Hope I answered your question, SumoSlamMan. Sorry it got so long, but you literally asked for it. When you get me on the right subject, I can talk the ears off a cornfield. Thanks much. ;) -cb


More Blogs:

Back/ NextWhich blog will it be:
Back:.Predator Crossovers I'd Like to See.
Next:.Mining the Public Domain, OR Why Wonder Woman Should Be Better.


.Full Blog Index.

Thanks for reading! :^D

Avatar image for asymmetrical
Posted by Asymmetrical

Amy Racecar is a spin-off of Stray Bullets not 100 Bullets, otherwise good blog

Avatar image for cbishop
Posted by cbishop
@aztek the lost said:
"Amy Racecar is a spin-off of Stray Bullets not 100 Bullets, otherwise good blog "

Gah!  Thanks for the catch, aztek'!  It is now edited.  Much appreciated.
Avatar image for asymmetrical
Posted by Asymmetrical
@cbishop said:
" @aztek the lost said:
"Amy Racecar is a spin-off of Stray Bullets not 100 Bullets, otherwise good blog "
Gah!  Thanks for the catch, aztek'!  It is now edited.  Much appreciated. "
I caught it because I loved 100 Bullets and had never heard of Amy Racecar so I had to look it up :P
Avatar image for cbishop
Posted by cbishop

Well, y'know how it is: when you got that many bullets around, you don't really stop to see what kind they are. ;)

Avatar image for sumoslamman
Posted by SumoSlamMan
@cbishop: WOW!  I was wondering if you had ever gotten back to me and I guess my inbox missed the reply and I just remembered my question today, a week later.  While I'm still relatively new to Comic Vine, I have to say that I've enjoyed all of your blog posts, and this one doesn't disappoint.  It's funny though, when I asked about non capes stuff, I think I meant non mainstream.  I've recently lost my unadulterated fervor for super hero books, and a lot of mainstream stuff in general.  I intend to hopefully shove all these feelings into a blog for you guys to read but yeah, back to what I was saying, wait... I don't even know where to start!  One thing that I can certainly overlook is the fact that Dick Tracy is a comic strip.  Just recently I purchased Frank O. King's "Gasoline Alley" published by Drawn and Quarterly.  I can't even explain how wonderful this collection is, and it's just simple slice of life strips.  Contains easily some of the most touching things I've ever seen in comics.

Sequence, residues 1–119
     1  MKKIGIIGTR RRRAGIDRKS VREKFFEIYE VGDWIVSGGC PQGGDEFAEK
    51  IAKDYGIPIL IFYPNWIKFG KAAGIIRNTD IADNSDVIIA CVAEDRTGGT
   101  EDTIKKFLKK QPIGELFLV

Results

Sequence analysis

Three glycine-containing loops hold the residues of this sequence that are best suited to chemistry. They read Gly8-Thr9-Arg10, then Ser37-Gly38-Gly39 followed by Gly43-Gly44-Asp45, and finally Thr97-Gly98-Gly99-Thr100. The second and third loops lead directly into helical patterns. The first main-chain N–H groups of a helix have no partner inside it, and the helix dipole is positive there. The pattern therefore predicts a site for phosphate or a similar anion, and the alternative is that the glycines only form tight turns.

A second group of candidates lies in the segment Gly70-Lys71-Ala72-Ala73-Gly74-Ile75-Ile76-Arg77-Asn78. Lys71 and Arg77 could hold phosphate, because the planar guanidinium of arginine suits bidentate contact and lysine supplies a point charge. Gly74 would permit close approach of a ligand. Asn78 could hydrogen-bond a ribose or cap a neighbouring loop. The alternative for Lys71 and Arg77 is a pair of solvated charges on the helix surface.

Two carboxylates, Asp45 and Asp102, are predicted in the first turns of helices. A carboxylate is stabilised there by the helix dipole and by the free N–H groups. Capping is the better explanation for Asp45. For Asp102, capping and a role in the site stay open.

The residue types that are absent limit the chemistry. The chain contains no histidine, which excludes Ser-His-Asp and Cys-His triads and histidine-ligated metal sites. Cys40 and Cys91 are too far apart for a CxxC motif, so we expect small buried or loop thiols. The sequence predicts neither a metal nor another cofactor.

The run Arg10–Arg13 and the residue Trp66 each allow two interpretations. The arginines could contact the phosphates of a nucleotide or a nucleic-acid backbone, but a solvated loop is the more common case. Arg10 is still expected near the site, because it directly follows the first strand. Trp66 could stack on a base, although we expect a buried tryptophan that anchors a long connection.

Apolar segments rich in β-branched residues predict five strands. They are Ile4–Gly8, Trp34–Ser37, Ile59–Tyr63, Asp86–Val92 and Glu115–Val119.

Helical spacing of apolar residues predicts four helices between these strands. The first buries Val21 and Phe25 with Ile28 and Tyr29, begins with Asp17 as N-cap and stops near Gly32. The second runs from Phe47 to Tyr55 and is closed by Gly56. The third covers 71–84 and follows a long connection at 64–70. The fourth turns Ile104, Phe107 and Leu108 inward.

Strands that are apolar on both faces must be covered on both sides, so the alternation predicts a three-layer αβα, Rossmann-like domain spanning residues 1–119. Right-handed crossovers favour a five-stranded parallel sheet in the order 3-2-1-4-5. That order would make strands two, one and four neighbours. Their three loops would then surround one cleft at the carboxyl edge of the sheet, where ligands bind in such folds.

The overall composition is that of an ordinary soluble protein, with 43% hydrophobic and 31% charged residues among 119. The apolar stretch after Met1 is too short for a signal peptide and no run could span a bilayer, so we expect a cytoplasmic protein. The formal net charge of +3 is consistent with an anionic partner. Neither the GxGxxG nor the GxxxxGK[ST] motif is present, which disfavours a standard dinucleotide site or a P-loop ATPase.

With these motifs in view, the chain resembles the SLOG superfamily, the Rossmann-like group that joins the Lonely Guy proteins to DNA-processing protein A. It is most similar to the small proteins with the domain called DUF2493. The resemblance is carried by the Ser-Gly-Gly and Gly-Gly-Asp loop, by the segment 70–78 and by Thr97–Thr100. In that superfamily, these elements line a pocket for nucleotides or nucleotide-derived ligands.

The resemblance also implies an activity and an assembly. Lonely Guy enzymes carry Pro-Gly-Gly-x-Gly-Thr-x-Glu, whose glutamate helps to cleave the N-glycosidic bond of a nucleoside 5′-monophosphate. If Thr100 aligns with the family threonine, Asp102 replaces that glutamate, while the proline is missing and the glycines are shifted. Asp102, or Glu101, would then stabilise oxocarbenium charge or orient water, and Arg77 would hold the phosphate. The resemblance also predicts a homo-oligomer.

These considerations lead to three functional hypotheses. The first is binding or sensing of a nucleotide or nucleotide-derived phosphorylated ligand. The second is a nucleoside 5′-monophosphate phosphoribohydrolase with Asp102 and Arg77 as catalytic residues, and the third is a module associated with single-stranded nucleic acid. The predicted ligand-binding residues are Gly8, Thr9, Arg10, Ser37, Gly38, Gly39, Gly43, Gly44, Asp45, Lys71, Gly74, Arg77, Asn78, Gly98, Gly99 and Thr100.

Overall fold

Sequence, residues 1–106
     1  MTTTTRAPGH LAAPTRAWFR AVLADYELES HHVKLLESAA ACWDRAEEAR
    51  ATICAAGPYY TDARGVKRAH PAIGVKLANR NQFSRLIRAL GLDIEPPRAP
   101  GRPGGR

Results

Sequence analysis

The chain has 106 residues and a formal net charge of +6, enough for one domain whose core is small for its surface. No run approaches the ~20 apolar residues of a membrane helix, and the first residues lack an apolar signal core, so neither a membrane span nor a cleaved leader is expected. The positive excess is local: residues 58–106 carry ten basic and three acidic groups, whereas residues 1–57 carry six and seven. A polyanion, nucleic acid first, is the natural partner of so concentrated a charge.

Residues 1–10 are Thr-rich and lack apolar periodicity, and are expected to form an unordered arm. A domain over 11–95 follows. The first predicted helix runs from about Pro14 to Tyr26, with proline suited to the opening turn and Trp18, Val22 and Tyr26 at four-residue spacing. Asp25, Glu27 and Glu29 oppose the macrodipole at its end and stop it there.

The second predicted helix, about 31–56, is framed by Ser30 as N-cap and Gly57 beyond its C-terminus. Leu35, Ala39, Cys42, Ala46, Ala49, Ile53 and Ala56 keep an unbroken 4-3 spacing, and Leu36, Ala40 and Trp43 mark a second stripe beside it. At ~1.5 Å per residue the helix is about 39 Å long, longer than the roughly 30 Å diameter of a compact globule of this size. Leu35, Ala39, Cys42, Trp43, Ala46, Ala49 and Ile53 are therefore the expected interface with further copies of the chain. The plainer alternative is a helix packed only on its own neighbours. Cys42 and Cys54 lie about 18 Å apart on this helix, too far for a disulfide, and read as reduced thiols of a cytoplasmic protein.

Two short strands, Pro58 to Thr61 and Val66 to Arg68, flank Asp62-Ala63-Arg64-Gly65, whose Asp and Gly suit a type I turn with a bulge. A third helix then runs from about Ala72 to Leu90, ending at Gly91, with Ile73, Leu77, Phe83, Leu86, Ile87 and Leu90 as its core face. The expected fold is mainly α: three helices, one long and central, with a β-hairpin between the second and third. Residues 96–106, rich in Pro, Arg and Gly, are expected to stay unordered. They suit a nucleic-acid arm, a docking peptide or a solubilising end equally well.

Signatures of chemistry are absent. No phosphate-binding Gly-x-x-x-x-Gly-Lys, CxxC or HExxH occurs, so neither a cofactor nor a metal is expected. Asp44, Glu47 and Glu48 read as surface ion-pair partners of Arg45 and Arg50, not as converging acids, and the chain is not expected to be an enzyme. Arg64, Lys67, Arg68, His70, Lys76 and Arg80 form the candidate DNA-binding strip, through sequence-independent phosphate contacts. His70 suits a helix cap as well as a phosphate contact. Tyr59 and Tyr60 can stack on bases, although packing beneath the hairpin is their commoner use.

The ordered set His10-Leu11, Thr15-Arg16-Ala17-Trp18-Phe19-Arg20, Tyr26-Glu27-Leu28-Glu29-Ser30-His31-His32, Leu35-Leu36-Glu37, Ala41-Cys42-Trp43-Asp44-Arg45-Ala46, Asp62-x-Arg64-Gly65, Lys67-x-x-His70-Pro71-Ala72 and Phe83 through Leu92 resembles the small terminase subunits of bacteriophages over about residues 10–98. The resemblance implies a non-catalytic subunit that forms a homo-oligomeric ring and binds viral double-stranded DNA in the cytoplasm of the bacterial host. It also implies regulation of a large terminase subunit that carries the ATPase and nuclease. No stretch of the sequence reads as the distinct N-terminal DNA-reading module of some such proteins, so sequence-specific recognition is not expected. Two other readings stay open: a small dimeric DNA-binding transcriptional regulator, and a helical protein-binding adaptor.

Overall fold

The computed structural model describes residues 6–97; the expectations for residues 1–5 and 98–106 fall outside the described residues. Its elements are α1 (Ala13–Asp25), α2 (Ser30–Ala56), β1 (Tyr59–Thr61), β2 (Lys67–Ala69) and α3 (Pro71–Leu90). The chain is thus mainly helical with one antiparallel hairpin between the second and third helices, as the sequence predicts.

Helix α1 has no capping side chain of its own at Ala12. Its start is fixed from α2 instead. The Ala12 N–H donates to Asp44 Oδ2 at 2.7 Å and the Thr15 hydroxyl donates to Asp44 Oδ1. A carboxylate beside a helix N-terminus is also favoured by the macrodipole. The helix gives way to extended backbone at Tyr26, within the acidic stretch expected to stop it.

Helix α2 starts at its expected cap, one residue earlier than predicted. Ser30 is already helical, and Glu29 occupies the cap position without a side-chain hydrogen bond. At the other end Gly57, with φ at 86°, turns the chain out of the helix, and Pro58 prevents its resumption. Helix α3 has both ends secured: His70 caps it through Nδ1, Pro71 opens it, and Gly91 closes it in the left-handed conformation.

I guess I've been reading a lot of "alternative" comics but I hate the way that word is used.  As though super hero books are the norm, but these books are "alternative" so if you don't like the tights, check these out.  I've been collecting The Best American Comics collections (I have 2006, 2007, 2008 volumes edited by Harvey Pekar, Chris Ware, and Linda Barry respectively, all comics giants that I respect).  They're amazing and different and they make me feel awkward and uncomfortable at times and after I'm finished I find myself more introspective than when I started.  I love that feeling.  They push comics' boundaries in a way that very few of the guy's you've mentioned ever could, simply because a lot of their stuff is made for mass consumption.  Don't break out your stones, please!  I love my super hero books, but right now I'm finding them shallow, and a bit unfulfilling.
Vertigo has some of the most solid monthly titles of all the imprints/publishers.  Fables and Scalped are among my absolute favorites, and Jason Aaron knows how to write some nasty injuns.  The stuff is brilliant, and Willingham and Fables?  Pure gold.  I would have to agree with you on Alan Moore's stuff, though I haven't read all of it.  It's emotionally draining, but honestly, the catharsis scene in V had me more excited about comics than almost anything I've ever read.  I've read all of the LEG books (brilliant but Black Dossier really laid it on thick with all those obscure references, but one of the most beautifully composed/designed graphic novels I've ever read) and his run on Top 10.  V for Vendetta, Watchmen, Swamp Thing all rest on my book shelves.  One thing that I'm actually quite excited for is his latest Cthulu book by Avatar Press.  The last page of the first issue, honest to God, gave me goosebumps.